CONCH KEY -- Crusty commercial fishing captain Gary Nichols Jr. was upset when his wife Beth told him their second child was going to be a girl, just like their first kid.
With a Kelly and a Katie, but no Gary III, who was going to continue Nichols Seafood, which he started from scratch at age 16 with the help of Beth, then his girlfriend?
But now, more than two decades later, Gary said he could retire tomorrow and know that the family business would be in good hands with Capt. Kelly at the helm.
She has gone from the cute blond in a pink dress in an aging picture — one that shows her steering dad’s big boat while standing on a bucket — to a confident 29-year-old giving orders to her crew while serving as captain of Life Force, a 50-foot Dorado that can hold more than 300 traps.
While women have made great inroads in many traditional male professions, including combat positions in the military, it’s still rare to see a commercial fishing vessel with a female captain. Kelly is the only one in the Keys, where 90 percent of the spiny Florida lobsters are caught.
It’s such a male bastion, Gary conceded, that “I didn’t think she could do it.”
But at the dock, after Kelly and her crew brought in about 500 pounds of lobsters, he put his arm around his daughter and said: “I couldn’t be more proud of you.”
Kelly knew in her heart she wanted to follow in her dad’s footsteps, but her parents encouraged her to go to college like they did, both earning degrees in education.
After graduating early from Coral Shores High in the Upper Keys, Kelly went first to Fort Myers and then to Miami for nursing school. But the medical field didn’t hold her interest for long.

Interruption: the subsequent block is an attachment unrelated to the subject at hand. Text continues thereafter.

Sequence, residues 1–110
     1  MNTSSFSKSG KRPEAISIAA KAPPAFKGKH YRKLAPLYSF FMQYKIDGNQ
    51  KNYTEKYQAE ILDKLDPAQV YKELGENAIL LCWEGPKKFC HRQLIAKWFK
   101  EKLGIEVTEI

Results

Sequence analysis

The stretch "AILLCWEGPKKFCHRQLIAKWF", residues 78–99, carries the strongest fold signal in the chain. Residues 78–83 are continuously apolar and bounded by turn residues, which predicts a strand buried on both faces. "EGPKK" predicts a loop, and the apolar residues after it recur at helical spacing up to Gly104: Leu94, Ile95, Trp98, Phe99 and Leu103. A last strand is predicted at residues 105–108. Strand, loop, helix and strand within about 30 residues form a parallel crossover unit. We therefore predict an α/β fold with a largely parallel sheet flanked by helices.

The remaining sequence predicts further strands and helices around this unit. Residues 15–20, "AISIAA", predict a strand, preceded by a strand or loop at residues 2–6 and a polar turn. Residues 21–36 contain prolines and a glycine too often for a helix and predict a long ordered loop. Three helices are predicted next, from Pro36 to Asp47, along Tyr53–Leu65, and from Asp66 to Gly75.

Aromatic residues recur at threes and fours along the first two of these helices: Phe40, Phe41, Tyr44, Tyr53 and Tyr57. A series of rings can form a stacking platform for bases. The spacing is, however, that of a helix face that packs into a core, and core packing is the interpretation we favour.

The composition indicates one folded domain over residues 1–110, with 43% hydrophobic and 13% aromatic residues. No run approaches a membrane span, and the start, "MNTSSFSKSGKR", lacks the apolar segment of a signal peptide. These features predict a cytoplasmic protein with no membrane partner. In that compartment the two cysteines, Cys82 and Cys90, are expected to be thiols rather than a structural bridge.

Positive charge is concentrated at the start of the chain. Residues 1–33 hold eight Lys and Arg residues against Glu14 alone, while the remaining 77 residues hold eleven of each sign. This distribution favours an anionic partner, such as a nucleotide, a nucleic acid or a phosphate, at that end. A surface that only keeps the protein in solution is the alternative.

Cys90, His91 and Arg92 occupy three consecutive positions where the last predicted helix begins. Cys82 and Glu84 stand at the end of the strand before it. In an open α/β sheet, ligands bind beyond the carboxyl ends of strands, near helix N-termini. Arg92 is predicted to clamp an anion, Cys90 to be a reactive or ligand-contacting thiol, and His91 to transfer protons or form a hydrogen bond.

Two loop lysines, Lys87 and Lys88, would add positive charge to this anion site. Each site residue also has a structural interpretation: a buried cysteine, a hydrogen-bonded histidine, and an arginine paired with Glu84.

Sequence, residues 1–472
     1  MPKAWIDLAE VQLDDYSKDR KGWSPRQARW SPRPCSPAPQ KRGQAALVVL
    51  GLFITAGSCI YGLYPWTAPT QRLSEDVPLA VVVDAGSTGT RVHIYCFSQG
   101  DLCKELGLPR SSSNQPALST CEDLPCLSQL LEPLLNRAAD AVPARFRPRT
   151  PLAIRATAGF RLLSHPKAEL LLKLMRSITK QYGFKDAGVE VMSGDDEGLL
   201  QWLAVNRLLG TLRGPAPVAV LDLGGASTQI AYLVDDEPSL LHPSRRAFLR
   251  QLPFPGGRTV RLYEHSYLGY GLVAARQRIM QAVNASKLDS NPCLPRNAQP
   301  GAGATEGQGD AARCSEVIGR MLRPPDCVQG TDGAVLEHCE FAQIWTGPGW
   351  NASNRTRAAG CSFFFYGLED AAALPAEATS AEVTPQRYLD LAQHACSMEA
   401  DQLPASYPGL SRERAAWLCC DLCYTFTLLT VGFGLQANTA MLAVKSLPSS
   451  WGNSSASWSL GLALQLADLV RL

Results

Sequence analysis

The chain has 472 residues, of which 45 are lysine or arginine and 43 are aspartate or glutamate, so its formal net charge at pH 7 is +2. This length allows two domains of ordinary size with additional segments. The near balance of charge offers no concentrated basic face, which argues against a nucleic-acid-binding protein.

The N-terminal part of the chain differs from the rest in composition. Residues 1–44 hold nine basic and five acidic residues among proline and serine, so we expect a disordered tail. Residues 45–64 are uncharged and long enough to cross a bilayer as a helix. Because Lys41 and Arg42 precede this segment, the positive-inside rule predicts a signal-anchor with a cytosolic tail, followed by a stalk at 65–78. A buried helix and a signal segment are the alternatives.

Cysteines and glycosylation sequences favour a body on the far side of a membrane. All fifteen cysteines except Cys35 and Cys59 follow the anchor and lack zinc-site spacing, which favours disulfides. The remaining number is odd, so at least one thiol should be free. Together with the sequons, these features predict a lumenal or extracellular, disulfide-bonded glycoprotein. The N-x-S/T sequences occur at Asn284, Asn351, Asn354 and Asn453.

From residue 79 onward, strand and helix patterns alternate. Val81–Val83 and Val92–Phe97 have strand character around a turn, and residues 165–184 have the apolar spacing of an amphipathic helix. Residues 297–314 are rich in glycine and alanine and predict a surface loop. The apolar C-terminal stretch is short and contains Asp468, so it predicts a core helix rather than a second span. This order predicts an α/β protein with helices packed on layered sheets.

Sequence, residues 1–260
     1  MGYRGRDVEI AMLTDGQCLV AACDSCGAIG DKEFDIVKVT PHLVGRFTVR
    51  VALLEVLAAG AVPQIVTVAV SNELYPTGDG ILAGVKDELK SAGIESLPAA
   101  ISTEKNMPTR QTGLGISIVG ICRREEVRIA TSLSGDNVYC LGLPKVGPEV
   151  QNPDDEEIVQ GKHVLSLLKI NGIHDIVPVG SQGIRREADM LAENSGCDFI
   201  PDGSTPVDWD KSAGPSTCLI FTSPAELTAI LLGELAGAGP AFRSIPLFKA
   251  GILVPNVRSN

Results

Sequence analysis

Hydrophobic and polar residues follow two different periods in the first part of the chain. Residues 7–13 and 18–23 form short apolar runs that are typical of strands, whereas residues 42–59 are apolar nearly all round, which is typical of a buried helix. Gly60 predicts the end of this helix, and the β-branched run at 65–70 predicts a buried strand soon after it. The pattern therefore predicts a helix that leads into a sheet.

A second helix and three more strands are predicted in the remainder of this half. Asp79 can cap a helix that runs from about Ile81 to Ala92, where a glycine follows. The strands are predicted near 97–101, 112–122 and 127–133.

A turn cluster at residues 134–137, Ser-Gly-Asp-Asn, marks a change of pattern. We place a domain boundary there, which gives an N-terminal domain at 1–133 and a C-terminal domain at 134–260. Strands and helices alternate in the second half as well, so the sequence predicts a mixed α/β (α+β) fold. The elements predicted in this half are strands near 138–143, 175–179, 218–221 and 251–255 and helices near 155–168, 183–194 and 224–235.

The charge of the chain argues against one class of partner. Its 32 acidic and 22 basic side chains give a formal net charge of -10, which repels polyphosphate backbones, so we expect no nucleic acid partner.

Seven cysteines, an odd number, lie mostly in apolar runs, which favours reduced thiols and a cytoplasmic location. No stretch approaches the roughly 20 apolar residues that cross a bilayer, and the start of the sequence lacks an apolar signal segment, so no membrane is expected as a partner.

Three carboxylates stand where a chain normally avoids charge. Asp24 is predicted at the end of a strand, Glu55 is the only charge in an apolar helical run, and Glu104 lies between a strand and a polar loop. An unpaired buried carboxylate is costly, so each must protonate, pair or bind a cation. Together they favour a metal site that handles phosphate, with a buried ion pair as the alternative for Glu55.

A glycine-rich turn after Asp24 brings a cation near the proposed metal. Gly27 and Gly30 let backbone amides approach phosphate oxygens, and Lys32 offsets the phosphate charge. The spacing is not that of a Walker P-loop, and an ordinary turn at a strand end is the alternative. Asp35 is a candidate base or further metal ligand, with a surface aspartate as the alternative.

In her blood was the lure of the sea, from the calm of the wide-open space and fresh air to all the magical marine creatures below. It’s a love that was inherited from her dad and nurtured by years spent playing and working on the family boats, beginning when she was just a week old.
“We put her in a little carrier and she was just so happy,” Beth recalled. “Both our girls were naturals on the water. I wish I had the sea legs that they have.”
As soon as the girls were big enough to reach the cash register, they also began helping in the fish house — waiting on customers, filleting fish, tailing lobsters and weighing in the day’s catch of other fishermen.
“Kelly was picking up those amberjacks and slinging them around like they were nothing, and some weighed 50, 70, even 100 pounds,” Beth said.
At 19, after giving college a try, Kelly returned home to the Keys, begging her dad to give her a shot at being the captain of his second boat, then a 40-footer called Miss Beth Too.
For years, Gary had experienced trouble finding captains who were dependable and sober. Still, he did everything he could to discourage his daughter.
“You always hope for the best for your kids, and I hoped that she would marry some rich, successful guy and she’d have some grandchildren,” Gary said. “This is hard work, waking up at 3 a.m. and working until 8 or 9 every night, six to eight months of the year. It’s not for the normal, everyday person.”
Kelly was not deterred, already having learned a strong work ethic from her parents. And in another trait she got from her father, stubbornness, Kelly did not take no for an answer. Gary finally gave in, giving her the keys to Miss Beth Too.